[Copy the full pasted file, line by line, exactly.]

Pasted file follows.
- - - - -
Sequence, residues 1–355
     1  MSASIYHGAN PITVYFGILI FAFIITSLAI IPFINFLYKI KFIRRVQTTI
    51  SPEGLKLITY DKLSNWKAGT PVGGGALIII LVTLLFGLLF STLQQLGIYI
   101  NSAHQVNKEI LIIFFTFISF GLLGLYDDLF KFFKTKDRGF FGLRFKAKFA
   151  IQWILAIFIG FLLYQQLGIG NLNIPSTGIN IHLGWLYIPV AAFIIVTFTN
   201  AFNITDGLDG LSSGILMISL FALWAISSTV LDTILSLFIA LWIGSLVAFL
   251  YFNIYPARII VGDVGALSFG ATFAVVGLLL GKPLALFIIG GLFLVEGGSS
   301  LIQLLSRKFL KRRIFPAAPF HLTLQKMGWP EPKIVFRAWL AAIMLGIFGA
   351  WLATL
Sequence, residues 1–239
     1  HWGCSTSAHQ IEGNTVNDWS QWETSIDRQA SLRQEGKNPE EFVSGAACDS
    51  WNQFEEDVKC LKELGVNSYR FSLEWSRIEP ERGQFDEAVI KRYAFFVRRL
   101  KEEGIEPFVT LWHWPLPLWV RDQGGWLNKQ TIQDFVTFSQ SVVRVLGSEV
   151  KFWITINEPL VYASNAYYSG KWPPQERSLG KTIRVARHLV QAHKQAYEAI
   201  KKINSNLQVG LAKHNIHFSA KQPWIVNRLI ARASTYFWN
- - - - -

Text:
Sequence, residues 1–355
     1  MSASIYHGAN PITVYFGILI FAFIITSLAI IPFINFLYKI KFIRRVQTTI
    51  SPEGLKLITY DKLSNWKAGT PVGGGALIII LVTLLFGLLF STLQQLGIYI
   101  NSAHQVNKEI LIIFFTFISF GLLGLYDDLF KFFKTKDRGF FGLRFKAKFA
   151  IQWILAIFIG FLLYQQLGIG NLNIPSTGIN IHLGWLYIPV AAFIIVTFTN
   201  AFNITDGLDG LSSGILMISL FALWAISSTV LDTILSLFIA LWIGSLVAFL
   251  YFNIYPARII VGDVGALSFG ATFAVVGLLL GKPLALFIIG GLFLVEGGSS
   301  LIQLLSRKFL KRRIFPAAPF HLTLQKMGWP EPKIVFRAWL AAIMLGIFGA
   351  WLATL
Sequence, residues 1–239
     1  HWGCSTSAHQ IEGNTVNDWS QWETSIDRQA SLRQEGKNPE EFVSGAACDS
    51  WNQFEEDVKC LKELGVNSYR FSLEWSRIEP ERGQFDEAVI KRYAFFVRRL
   101  KEEGIEPFVT LWHWPLPLWV RDQGGWLNKQ TIQDFVTFSQ SVVRVLGSEV
   151  KFWITINEPL VYASNAYYSG KWPPQERSLG KTIRVARHLV QAHKQAYEAI
   201  KKINSNLQVG LAKHNIHFSA KQPWIVNRLI ARASTYFWN